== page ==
In a recent study posted to the medRxiv* preprint server, researchers evaluated cell-mediated immune response (CMIR) in inflammatory bowel disease (IBD) patients following immunization with two doses of coronavirus disease 2019 (COVID-19) vaccine.
The messenger ribonucleic acid (mRNA)-based COVID-19 vaccines, including the mRNA-1273 and BNT162b2 vaccines, effectively protect the general population against severe acute respiratory syndrome coronavirus 2 (SARS-CoV-2) infection. Moreover, several previous studies have demonstrated that 95-99% of IBD patients mounted a measurable antibody response after the two-dose mRNA vaccination series, whereas 100% achieved a substantial antibody response after three doses.
Contrastingly, patients with IBD who were unable to mount an antibody response received the BNT162b2 vaccine. Additionally, they were older, on combination therapy with an anti-tumor necrosis factor-alpha (TNF-alpha) inhibitor and an immunomodulator.
About the study
A prospective, non-randomized study, termed the “HumoRal and CellULar initial and Sustained immunogenicity in patients with IBD” (HERCULES), was conducted at the University of Wisconsin-Madison (UW) and Mayo Clinic Florida (MAYOFL) to evaluate the CMIR of vaccinated IBD patients. The Institutional Review Board at the UW and MAYOFL approved this study.
The researchers created two study cohorts, with 158 participants with IBD and 20 healthy controls (HCs), respectively. The selection criteria for the IBD cohort was that the participants were on stable medication therapy, and HCs had to produce documented proof that they were not on any immunosuppressive therapy and completed their mRNA primary vaccination series.
The primary outcome was the evaluation of CMIR in the cohort of IBD patients against the mRNA-based COVID-19 vaccine. The secondary study outcomes were: i) a comparison of the CMIR in patients with IBD and HCs, and ii) measuring CMIR, as well as a humoral immune response in both the study cohorts.
The researchers measured the humoral immune response and CMIR in IBD patients 28–35 days after the two-dose mRNA vaccine series and at approximately 30 days in HCs, following a similar protocol used for all COVID-19 immunogenicity clinical trials.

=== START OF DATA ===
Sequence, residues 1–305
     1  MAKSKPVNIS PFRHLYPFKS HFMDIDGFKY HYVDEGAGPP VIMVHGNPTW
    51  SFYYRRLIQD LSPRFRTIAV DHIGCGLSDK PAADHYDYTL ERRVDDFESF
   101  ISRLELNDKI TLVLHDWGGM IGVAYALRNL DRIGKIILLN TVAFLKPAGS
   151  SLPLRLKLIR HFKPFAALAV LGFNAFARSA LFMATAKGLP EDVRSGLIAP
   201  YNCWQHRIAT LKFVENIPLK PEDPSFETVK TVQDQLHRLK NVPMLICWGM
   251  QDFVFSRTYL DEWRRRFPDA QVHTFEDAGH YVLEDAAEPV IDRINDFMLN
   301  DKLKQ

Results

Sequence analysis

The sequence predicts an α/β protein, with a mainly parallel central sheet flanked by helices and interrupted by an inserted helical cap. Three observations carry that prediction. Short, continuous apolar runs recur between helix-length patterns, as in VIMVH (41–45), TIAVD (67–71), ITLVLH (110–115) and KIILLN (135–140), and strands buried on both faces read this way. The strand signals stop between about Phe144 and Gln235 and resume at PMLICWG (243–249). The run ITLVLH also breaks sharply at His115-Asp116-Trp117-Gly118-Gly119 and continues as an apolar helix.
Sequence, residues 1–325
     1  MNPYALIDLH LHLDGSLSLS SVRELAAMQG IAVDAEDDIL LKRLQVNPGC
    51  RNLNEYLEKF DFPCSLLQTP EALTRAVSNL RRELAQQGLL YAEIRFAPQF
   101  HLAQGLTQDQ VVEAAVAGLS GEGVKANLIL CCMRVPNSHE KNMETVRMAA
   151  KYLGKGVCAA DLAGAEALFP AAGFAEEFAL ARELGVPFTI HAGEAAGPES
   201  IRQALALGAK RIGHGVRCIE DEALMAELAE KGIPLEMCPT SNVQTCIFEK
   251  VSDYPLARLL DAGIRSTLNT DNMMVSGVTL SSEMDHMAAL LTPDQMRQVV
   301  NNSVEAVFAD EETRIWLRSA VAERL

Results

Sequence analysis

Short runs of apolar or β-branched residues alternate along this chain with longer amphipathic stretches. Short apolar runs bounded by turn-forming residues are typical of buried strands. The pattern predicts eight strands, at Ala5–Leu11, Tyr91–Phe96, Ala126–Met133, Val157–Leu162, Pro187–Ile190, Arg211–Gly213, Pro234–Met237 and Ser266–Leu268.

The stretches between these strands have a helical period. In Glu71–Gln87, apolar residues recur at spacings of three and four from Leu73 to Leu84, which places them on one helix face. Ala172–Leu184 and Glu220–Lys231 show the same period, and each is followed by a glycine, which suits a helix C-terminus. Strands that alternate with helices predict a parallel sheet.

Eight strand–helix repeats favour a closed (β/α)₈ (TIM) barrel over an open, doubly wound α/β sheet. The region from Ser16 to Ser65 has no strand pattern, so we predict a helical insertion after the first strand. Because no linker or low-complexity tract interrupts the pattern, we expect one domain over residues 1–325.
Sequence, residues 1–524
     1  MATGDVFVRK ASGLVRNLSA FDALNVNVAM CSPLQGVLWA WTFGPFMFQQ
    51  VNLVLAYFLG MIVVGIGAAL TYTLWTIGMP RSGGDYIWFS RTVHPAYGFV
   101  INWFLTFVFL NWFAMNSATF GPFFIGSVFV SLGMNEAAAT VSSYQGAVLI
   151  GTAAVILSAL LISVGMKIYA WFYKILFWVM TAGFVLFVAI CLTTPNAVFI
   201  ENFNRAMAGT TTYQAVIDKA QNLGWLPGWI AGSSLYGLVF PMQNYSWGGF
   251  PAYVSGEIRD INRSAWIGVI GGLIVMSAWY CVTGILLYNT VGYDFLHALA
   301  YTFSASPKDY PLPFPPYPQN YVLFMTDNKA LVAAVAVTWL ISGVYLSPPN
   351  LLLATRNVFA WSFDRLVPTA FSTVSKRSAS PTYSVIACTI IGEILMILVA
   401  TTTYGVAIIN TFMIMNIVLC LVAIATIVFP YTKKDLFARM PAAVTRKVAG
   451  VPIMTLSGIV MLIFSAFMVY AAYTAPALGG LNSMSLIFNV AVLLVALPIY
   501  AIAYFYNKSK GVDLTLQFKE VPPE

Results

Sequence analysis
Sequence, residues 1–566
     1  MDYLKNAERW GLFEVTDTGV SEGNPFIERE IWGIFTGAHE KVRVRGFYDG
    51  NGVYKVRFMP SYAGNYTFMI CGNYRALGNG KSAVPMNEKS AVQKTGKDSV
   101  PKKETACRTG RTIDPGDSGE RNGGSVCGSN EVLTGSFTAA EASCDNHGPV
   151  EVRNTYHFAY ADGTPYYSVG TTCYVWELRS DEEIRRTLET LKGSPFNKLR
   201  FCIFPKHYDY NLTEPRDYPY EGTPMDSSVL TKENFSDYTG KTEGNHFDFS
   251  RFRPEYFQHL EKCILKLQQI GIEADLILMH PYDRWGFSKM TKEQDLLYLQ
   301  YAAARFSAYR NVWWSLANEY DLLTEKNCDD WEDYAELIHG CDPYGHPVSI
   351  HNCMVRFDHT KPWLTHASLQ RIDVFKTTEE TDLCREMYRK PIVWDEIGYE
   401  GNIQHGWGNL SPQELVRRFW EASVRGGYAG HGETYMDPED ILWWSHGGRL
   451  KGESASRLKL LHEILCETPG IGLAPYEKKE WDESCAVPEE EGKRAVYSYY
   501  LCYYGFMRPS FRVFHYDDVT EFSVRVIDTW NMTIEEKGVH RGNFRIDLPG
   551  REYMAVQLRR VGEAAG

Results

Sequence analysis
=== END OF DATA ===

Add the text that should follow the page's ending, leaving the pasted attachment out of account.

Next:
The authors could evaluate T cell responses to SARS-CoV-2 spike (S) antigens in 151 patients with IBD and 18 HCs; likewise, they measured anti-S antibody levels in samples of 152 patients with IBD and 18 HCs. Additionally, they observed no significant differences in S-specific T cell responses between those on anti-TNF therapy or Janus kinase inhibitors (JAK) inhibitors compared to other therapies.
While most IBD patients had a CMIR (89%) and a humoral immune response (97%), among HC, only one had a CMIR, and all had a humoral immune response to an mRNA vaccine series.
Also, the authors could not find any compelling evidence of an association between levels of antibody and CMIR, as three of the four participants with no measurable anti-S antibodies showed a CMIR.
Compared to those taking immunosuppressive medication(s), IBD patients not undergoing such treatments had a lower humoral response but not a lowered CMIR.
To summarize, the study findings demonstrated that mRNA vaccine-induced antibody levels and CMIR are not correlated. It indeed is a surprising revelation as in other immunosuppressed populations, for instance, in solid organ transplant recipients, reported CMIR rates are in the range of 36-46%. Similarly, in patients taking B-cell depleting therapy and with psoriasis on an immunomodulator, CMIR rates of 58% and 62-74% have been reported.
The Advisory Committee on Immunization Practices (ACIP) recommended booster dose for those who were moderate to severely immunocompromised based on evidence that solid organ transplant recipients had a suboptimal antibody response (56%) after the primary COVID-19 vaccination series. The humoral immune response in study subjects remained relatively higher than reported in previous studies examining such response in the immunosuppressed populations.
More importantly, the humoral immune response provides an incomplete measure of the COVID-19 vaccine-induced immune response. Additionally, most patients with IBD mounted a vaccine-induced immune response after an mRNA COVID-19 primary series, similar to HCs, suggesting that they might not necessarily require a third dose as previously speculated.
Future studies should specifically evaluate sustained CMIR, the impact of booster dosing on CMIR, and long-term antibody concentrations and CMIR in patients with IBD. In the future, data from such studies could help ascertain whether IBD patients on immune-modifying therapies may benefit from a booster dose or a mix and match immunization strategy and how these therapies may impact sustained humoral and CMIR.
medRxiv publishes preliminary scientific reports that are not peer-reviewed and, therefore, should not be regarded as conclusive, guide clinical practice/health-related behavior, or treated as established information.